Stephen Downes had mentioned in a post a while back that the “distributed flip, advanced as this Great New Thing, is the connectivist model of MOOCs, but with small-group in-person attached..” The shift to the term was portrayed as part of (as the title indicates) the “Great Rebranding”, a move to assimilate MOOCs into an institution-friendly form by eliminating their history.
As a person who has popularized that term, I’ve thought a bit about how to respond. Because certainly a distributed flip could be just an xMOOC with a small-group experience attached. But it could be many other things as well, and I think that sometimes gets lost. Besides this, it runs both ways. In another world the distributed flip is “just a flipped classroom with something MOOC-like attached”. There are issues of perspective here that don’t resolve simply.
But the piece I want to really take issue is that the use of this term is somehow an attempt to erase history, and not give people their due. I could just stand, I think, on my reputation – I have fought as hard as anyone to make sure that people understand the provenance of the ideas they cite. Sometimes it seems half the posts on this blog are dedicated to that endeavor in one way or another. Additionally, I’ve been interacting with Stephen and George and Dave since the early PLN days. It was Stephen himself, having found a post Helen Barrett had written about an interaction with me, who pulled me into what would eventually become the MOOC fold with an OLDaily cite a little over 6 years ago. I think I count that as one of the luckiest days of my professional life, since interaction with this community sharpened ideas about open education that I had gotten lazy about critiquing, and pushed me to be a better thinker and blogger in this area. I had just come off political blogging, and it was a joy to find a community of edubloggers that had the same energy and gift for quick but trenchant analysis as my online political friends. It changed my life, seriously.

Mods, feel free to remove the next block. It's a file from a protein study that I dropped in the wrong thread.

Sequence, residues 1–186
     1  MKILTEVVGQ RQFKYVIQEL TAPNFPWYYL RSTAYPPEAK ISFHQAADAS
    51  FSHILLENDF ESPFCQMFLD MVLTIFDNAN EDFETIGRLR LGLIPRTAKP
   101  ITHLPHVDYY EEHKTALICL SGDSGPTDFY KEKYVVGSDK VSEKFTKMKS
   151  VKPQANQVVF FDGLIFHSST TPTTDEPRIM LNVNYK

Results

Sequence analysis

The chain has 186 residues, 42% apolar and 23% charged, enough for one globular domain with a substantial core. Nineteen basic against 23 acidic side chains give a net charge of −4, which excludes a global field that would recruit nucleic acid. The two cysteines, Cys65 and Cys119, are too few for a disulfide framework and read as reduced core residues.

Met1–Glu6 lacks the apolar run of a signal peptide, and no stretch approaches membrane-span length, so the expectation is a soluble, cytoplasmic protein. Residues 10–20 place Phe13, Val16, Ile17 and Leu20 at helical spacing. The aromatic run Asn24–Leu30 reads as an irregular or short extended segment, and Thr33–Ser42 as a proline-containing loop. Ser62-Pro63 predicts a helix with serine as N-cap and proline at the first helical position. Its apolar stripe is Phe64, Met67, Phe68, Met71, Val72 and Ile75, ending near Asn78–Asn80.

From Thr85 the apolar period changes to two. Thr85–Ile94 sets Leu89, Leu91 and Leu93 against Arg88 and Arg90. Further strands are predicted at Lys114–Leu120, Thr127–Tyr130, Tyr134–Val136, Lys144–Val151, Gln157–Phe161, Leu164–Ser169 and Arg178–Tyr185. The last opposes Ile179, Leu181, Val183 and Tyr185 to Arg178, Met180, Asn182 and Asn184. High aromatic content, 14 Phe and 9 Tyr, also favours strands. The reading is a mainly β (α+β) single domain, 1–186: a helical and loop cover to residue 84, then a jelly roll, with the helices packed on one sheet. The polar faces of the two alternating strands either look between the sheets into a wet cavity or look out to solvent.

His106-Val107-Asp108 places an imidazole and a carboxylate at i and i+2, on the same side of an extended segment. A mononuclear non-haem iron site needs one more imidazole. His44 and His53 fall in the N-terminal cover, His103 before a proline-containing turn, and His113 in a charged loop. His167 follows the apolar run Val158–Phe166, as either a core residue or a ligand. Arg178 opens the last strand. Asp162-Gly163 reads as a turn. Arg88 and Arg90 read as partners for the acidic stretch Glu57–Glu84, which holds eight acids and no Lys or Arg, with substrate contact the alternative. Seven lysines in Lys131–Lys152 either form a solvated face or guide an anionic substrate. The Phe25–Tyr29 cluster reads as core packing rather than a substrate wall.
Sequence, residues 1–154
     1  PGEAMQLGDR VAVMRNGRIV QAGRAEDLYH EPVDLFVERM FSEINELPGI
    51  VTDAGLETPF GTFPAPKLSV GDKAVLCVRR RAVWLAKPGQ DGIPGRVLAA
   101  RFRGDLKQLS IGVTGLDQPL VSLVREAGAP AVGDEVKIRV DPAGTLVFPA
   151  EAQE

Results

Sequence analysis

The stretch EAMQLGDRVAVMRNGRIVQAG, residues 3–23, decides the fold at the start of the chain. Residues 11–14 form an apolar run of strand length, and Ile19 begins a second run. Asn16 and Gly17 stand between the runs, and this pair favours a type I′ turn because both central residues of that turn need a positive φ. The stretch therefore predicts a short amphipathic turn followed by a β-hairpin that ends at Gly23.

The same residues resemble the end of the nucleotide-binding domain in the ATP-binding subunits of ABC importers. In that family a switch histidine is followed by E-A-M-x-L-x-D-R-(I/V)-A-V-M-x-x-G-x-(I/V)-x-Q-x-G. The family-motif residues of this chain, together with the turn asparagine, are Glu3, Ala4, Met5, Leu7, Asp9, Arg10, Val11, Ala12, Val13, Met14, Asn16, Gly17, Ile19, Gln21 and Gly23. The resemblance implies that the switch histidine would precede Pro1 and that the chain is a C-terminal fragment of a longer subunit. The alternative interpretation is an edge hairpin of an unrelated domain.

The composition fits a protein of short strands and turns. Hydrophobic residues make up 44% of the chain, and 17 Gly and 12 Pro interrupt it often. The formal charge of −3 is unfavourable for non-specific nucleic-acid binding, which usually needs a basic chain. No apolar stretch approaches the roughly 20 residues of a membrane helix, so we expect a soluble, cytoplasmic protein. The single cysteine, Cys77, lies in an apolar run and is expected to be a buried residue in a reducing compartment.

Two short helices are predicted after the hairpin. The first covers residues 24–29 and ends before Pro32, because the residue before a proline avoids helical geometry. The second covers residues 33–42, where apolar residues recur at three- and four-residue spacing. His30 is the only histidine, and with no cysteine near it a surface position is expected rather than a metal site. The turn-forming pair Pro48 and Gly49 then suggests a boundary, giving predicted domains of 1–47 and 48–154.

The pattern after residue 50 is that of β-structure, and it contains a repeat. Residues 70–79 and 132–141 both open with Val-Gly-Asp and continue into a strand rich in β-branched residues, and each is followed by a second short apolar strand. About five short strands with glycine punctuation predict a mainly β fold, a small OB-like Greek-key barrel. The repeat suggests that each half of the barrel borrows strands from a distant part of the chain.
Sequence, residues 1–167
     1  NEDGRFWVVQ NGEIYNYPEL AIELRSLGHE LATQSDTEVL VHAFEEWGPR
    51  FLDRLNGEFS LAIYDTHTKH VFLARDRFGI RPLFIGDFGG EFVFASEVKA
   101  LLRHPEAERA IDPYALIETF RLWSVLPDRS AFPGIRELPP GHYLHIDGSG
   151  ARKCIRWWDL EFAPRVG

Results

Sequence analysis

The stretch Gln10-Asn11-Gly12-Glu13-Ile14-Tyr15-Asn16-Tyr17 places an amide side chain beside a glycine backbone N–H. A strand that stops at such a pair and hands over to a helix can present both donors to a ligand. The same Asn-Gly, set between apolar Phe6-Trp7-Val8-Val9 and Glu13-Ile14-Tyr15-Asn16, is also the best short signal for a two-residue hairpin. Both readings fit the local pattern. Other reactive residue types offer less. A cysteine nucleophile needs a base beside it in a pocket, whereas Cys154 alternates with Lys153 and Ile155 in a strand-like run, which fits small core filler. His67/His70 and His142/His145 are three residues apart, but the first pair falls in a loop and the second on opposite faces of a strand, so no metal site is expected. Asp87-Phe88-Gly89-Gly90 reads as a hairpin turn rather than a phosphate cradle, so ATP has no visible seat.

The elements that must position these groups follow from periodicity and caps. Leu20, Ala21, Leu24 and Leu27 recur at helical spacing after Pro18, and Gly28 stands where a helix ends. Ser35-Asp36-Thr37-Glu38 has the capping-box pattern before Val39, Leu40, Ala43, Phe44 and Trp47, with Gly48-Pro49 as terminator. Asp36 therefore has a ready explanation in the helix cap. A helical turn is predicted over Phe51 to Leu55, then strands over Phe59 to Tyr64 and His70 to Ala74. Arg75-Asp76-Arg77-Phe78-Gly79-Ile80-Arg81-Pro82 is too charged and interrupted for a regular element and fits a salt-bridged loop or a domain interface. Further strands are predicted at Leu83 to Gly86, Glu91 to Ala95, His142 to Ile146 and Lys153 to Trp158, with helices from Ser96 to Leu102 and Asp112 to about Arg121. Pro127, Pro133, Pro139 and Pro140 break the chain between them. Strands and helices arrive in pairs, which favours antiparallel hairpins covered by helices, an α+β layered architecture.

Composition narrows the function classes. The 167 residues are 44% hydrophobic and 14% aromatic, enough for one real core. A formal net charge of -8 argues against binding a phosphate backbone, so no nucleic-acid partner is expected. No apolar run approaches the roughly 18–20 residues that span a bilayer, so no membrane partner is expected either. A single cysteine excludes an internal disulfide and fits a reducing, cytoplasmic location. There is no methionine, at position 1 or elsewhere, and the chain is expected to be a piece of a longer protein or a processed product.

So I think I could stand, if necessary, on the “if you don’t know me by now…” argument.
But I think I’d rather talk about the term directly. What is attractive to me about the term is how it connects to much more history than even the term MOOC does. The flip element highlights everything from experiments with reading clubs in the 1800s, to Mazur’s work in the early 1990s, to the first models referred to as “flipped” or “inverted” classrooms in the mid-2000s. There’s a fairly rich history around the flipped model, and most of it is still (thankfully) intact. The distributed piece is certainly tied to the early MOOCs of Siemens, Downes, Kop, Cormier, et. al., but in more traditional one-to-many formats (such as examples at San Jose State, Bunker Hill College, or The University of Puerto Rico) is also related to everything from experiments by the Annenberg Foundation in the late 80s and 90s, to Carnegie Mellon’s OLI, to OCW and Wiley’s OER efforts, to Tony Hirst’s OCW serializers back in 2008, to, yes, even the work of one Sal Khan (via a screencasting model popularized by Jon Udell and others – there, I had to get that last reference in…).
So, in fact, my main argument here is that calling the term “distributed flip” a “great rebranding” is in fact 180 degrees backwards. The term is not an attempt to erase history, but to plug these trends into a wider narrative that has been going on a long time, and has a rich provenance. One in which the cMOOCs play a very influential role, but not a solitary one. I’m not sure how that is a bad thing, but as always, I’m happy to entertain counterarguments in the comments.
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